Although to some extent true I think there clearly is a role for the military to reason why. We cannot rebuke the likes of Erich Von Manstein, Erwin Rommel, and others lower down the chain of command who made the path of Nazi atrocities easier by decrying politics/policy as nothing to do with them; then on the other hand not be receptive or tolerant of ‘loyal dissent’ from within our own military now.

      This is clearly a very grey area – perhaps demonstrated by (from my civilian viewpoint) the lack of effective dissent/tolerance demonstrated by recent U.K. Gov’t’s & U.K. armed forces.

      Finally, I would like to observe that I believe most western military organisations are incredibly adaptable. Able to create top down indoctrination far quicker and more effectively than large independent private enterprise. So perhaps if we have a problem with the W/warrior it is because we have not re-designated what we expect our forces to do (grand strategy again I’m afraid). If we want peacekeepers we should not send in personnel recently indoctrinated in aggressive conventional green warfare. We saw the effects of that error in the early days of the conflict in Northern Ireland.

      Is the problem here, not that we have Warriors or warriors however defined, but a lack of strategic awareness by politicians and a need to adapt teaching at staff colleges ?

    • Aaron says:

      The legacy of both Alexander and Napoleon transcends any notion of a nation state or of a kingdom, the legacy was imprinted on western and indeed global civilisation itself. This one glaring flaw topples your ‘lasting’ argument completely. Yes, the immediate and local effects were detrimental and disastrous, but that would seem inconsequential one measures the true effects in millenia and centuries.

  2. Gunrunner says:

    Okay, I’ll rise to your baiting—with this one post, because, frankly, what your naval-gazing tome proves is that you don’t get what it takes and means to be a warrior and further engagement would be pointless.

    To begin: I would be absolutely astonished if you said to a warrior’s face he is nothing more than a “narcissistic, self-obsessed figure.”

    Have ever delivered your deep thoughts in the belly of the “beast” (on a base, at a PME college, basically in the face of the very warriors you attempt to diminish)?

    If not, why not? If so, where?

    In my case, I engage regularly in the civilian academic arena, domestically and internationally, sparring with many self-identified “elites” that sneer at the very attributes they obviously lack; courage, selfishness, self-sacrifice, honor and a personal dedication to something greater than self. Not all that disagree lack these qualities, for sure, but the one’s with honorable qualities debate in a way that recognizes and respects, rather than attempt to insult and tear down. Those academics are respected.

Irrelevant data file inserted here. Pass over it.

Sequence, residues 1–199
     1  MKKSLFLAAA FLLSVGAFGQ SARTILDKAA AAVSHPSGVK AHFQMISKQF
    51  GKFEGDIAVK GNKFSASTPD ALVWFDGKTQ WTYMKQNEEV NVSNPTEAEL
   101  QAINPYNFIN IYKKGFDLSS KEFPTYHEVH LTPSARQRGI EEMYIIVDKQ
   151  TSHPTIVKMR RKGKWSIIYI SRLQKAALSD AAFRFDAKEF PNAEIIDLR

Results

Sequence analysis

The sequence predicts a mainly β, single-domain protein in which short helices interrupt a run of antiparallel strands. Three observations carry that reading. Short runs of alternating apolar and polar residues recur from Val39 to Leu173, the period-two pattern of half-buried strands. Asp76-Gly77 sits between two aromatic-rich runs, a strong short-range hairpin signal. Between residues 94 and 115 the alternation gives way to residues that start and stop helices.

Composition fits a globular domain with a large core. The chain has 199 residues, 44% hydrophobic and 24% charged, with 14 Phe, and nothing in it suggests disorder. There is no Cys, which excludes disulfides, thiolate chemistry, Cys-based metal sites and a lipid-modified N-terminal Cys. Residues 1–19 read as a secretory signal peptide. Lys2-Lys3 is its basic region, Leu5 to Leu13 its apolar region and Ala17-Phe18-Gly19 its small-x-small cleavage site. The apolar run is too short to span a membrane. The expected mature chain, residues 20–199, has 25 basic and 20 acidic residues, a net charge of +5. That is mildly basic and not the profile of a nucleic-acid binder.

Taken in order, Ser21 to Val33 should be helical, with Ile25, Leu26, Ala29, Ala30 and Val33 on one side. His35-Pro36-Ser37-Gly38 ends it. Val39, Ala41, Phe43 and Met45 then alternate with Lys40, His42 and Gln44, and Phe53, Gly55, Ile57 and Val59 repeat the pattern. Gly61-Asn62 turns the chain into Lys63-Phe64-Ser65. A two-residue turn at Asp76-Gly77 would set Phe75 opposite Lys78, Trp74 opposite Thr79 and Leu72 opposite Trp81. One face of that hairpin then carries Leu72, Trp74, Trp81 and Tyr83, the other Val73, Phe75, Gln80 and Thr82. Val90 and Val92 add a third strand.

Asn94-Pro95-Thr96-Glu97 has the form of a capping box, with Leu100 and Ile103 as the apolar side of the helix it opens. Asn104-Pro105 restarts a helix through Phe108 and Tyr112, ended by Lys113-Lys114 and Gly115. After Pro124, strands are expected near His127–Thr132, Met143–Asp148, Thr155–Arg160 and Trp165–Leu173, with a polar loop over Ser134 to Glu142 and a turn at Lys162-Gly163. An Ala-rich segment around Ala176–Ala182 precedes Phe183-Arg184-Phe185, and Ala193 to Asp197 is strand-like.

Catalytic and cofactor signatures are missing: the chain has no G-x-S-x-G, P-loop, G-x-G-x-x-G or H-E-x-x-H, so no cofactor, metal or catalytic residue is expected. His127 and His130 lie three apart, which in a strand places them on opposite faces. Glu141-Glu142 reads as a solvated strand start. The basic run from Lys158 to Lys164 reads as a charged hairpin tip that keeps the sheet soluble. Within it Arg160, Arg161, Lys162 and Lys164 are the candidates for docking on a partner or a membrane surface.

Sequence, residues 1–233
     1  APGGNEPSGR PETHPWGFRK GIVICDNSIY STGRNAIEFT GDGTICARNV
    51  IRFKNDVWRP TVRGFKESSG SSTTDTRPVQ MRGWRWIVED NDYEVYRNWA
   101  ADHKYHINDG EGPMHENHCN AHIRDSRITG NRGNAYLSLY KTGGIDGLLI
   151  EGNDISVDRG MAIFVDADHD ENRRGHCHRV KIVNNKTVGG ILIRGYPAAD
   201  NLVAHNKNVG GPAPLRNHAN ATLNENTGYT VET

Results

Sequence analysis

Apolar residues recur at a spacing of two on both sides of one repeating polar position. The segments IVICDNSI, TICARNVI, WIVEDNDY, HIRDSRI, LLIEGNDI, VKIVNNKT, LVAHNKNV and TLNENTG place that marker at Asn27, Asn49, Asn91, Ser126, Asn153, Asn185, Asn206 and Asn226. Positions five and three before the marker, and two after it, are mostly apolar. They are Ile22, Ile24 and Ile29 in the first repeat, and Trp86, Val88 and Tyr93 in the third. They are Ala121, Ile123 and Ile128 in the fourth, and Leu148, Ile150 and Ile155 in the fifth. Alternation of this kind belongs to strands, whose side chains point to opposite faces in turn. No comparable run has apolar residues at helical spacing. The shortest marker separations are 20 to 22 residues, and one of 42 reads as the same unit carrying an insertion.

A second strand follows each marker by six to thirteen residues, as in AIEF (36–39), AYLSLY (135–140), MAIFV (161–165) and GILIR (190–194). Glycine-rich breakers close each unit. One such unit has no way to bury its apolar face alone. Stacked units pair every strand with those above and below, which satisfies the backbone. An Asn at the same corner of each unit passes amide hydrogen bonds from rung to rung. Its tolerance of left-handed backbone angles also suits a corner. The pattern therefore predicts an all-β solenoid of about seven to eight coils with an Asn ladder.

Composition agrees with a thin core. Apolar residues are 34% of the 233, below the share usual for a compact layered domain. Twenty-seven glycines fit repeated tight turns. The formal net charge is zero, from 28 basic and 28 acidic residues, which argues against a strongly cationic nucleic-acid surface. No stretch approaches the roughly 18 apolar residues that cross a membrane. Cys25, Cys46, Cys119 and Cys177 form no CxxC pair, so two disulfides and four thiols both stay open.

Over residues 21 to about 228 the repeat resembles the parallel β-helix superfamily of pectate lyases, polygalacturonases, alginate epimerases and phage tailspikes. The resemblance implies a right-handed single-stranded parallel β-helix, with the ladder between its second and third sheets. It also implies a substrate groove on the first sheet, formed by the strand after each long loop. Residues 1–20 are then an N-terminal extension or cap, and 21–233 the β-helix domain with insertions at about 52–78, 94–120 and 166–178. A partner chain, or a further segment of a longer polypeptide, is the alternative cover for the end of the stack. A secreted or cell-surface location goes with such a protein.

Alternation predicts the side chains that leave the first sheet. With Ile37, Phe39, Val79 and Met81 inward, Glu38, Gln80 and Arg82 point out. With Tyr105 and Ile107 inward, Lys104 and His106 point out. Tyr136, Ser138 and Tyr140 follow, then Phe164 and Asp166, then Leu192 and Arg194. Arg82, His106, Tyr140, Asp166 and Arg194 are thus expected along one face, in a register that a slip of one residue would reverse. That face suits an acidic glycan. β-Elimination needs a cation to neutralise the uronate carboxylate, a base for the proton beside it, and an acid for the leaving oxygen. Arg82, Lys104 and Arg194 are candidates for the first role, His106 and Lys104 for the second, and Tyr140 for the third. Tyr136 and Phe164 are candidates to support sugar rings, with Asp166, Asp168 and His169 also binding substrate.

Offer to lecture at a PME course, as I am sure they would welcome you. Seriously. They would. Report back on your experience.

    Read about and speak with these men about their heroism and warrior ethos. Feel free.

    Or, contact the Warrior Games officials and participants and argue your case with them, face to face. Let us know how you get on.

    Officials announce WARRIOR GAMES 2011 By Army Sgt. 1st Class Michael J. Carden, American Forces Press Service

    WASHINGTON (AFRNS) — Some 200 disabled active-duty members and veterans will compete in the 2nd Annual Warrior Games in Colorado Springs, Colo., May 16 to 21, officials announced Sept. 20.

    The U.S. Olympic Committee will host the games at the Olympic Training Center for the second year. The events will include shooting, swimming, archery, track and field, cycling, sitting volleyball and wheelchair basketball.

    The Army will be represented by 100 competitors chosen out of a pool of more than 9,000 active-duty Soldiers recovering in Warrior Transition Units. The Marine Corps will send 50 competitors, the Air Force will send 25, and the Coast Guard and Navy will combine to send 25.

    The Defense Department, USOC and the USO hope to build on the inaugural games’ success, helping to prove to even more wounded warriors the true healing power of sports, said Navy Adm. Mike Mullen, chairman of the Joint Chiefs of Staff, in a Pentagon news conference.

    “When we focus on ability, rather than disability, we see that physical fitness and sports can have a healing effect on the mind and on the body and on the soul,” Admiral Mullen said. “The athletes that compete in the Warrior Games demonstrate that regardless of circumstance, physical fitness and a passion to win remain at the core of our military culture.

    “And while these values are certainly important on the battlefield, they’re certainly important in the recovery process of our wounded, ill and injured troops,” he continued.

    Admiral Mullen said he hopes more wounded warriors will compete for a spot in Colorado Springs.

    “We encourage our wounded warriors with a desire to compete to notify their own squad leaders, [noncommissioned officers] or leading petty officers to get the application process started right away,” the admiral said. “The response to our inaugural Warrior Games was truly outstanding. We look forward to an even better experience next spring.”
    Charlie Huebner, chairman of USOC’s Paralympics Committee, echoed Admiral Mullen’s remarks, saying the competition and drive the athletes showed at the inaugural games in May was an inspiration to all athletes and disabled people.